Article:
Another tactic is to spend the assets on property that won't count for Medicaid purposes...[such as] a home...a new car...household goods...funeral expenses...and...a burial plot...A client can also reduce his net worth by spending money on travel, which many elderly people enjoy.[4] 

Farms and other businesses, including the capital and cash flow of unlimited value, are exempt.

The new amendment to the Social Security Act (Pub. L. No. 101-239, 103 Stat. 2465, amending 42 U.S.C. 1382b(a)(3)) allows for the exemption of all income-producing property used in a trade or business....  In other words, there is now an unlimited exemption for such property....  Property used in a trade or business is excluded regardless of its value or rate of return....  Critical provisions for advocates to note are that liquid resources used in the trade or business may be excluded from countable resources, and that no limit is placed on such resources (POMS SI 01130.501C.5).  Thus, advocates may exclude large amounts of cash in business operating accounts, trust accounts, and the like, that are necessary for use in the business....  Ultimately, Medicaid recipients will want to transfer their property to avoid the imposition of a lien and recovery from the estate for Medicaid expenditures.  Since business, farms, and ranches in current use are exempt property, they can theoretically be transferred without penalty.  No restrictions are placed on the transfer of this exempt property, unlike the transfer of a home (42 U.S.C. 1396(c)).[5]

Tax-deferred retirement accounts, including IRAs, Keoghs, and 401Ks, etc. are exempt if the holder is receiving a regular payout.

At age 70 ½, individuals must begin taking required minimum distributions from their IRAs, which means the IRA is in payout status. You may also be able to choose to put your IRA in payout status as young as age 59 ½ if you elect to take regular, periodic distributions based on life expectancy tables. If an IRA is in payout status, depending on your state, it may not count as an available asset for the purposes of Medicaid eligibility, but the payments you receive will count as income.[6]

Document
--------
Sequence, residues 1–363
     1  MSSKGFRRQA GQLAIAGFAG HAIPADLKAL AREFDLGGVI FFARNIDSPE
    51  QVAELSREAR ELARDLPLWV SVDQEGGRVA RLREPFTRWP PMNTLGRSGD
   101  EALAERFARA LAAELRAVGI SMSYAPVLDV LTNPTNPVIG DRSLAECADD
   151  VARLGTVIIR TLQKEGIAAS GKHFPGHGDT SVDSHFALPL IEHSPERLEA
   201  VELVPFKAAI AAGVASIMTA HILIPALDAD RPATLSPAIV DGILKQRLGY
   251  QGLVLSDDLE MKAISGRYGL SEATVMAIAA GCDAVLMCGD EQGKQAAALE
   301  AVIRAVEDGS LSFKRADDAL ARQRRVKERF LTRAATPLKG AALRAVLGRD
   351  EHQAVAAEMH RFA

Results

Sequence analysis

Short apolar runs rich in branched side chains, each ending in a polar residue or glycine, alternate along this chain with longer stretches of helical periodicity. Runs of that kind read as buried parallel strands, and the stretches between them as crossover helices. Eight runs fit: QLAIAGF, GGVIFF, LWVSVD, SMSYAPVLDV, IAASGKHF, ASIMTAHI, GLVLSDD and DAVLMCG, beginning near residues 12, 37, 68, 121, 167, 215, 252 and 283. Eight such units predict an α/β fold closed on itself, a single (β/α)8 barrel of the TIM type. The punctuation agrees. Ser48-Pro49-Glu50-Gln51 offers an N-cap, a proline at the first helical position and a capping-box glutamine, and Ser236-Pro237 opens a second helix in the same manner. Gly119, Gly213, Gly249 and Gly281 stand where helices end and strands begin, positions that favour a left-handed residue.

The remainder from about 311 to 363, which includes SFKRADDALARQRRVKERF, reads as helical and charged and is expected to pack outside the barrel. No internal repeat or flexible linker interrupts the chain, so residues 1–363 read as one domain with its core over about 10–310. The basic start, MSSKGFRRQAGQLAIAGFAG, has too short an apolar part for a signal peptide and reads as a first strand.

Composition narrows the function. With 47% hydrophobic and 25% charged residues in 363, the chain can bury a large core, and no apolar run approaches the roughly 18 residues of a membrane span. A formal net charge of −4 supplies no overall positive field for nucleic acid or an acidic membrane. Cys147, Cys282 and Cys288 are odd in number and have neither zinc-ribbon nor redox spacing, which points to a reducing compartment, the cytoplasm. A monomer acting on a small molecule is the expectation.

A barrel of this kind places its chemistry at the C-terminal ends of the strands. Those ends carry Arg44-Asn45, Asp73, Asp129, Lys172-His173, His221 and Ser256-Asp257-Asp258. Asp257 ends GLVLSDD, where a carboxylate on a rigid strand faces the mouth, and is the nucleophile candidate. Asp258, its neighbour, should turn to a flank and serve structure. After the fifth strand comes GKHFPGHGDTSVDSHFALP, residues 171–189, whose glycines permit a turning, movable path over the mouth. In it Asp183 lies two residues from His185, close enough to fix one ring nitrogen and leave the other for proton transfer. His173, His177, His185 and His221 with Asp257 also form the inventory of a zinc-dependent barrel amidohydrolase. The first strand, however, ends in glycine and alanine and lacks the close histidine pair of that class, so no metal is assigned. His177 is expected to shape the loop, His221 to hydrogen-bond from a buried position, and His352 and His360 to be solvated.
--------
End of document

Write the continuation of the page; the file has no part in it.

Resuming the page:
Risks of Relying on HRS/AHEAD Data

While the HRS/AHEAD surveys provide the most reliable longitudinal data ever available, they are not fool proof.  Stephen F. Venti found “data quality issues” when he focused “on measurement errors in the data, particularly those arising from item nonresponse and from inaccurate respondent reports of the ownership and level of assets.”[7]  He explains “The fault lies not so much in the sample design or the execution of the survey, but is instead a consequence of the extraordinary lack of knowledge displayed by respondents.”[8]  He adds “‘Noise’ created by inaccurate reports and non-response is a problem common to all asset variables in the HRS.”[9]  Venti concludes “It is difficult to reach consensus among research studies if each author must arbitrarily decide whether to exclude, censor, or impute particular observations.”[10]  Wiener  points out that HRS “information on people who are cognitively impaired and who die is derived from proxy respondents, often relatives, who may not know about specific long-term services and supports use or Medicaid eligibility.”[11]  HRS and AHEAD data provide a very dubious foundation on which to generalize about long-term care financing policy.

There are many reasons why HRS/AHEAD respondents and their representatives might fail to report income and assets to surveyors or even purposefully misrepresent the facts.  People who have reconfigured their wealth in order to qualify for public welfare benefits may be ashamed of having done so or simply unaware that their heirs did this on their behalf.  Seniors reporting on themselves may be cognitively impaired or intimidated by their self-interested loved ones.  Heirs who benefit from preserving parents’ estates may prefer to conceal the facts.  Lawyers who do Medicaid planning are protected from disclosure by attorney/client privilege.  Long-term care providers and Medicaid eligibility staff, who often know, especially in small rural communities, which wealthy locals are taking advantage of Medicaid, often seethe, but cannot disclose the information because of legally enforced confidentiality.  Getting to the truth in such matters is extremely difficult. 

Finally, the Health Retirement Study asks the wrong question regarding wealth transfer and does not address the larger issue of Medicaid planning at all.  According to Lee, Kim, and Tanenbaum,

Specifically, the HRS asked the following question: ‘Did you (or your husband/wife/partner) give financial help totaling $500 or more in the last two years (since the previous interview) to any of your children (or grandchildren) not counting shared housing or shared food?’[12]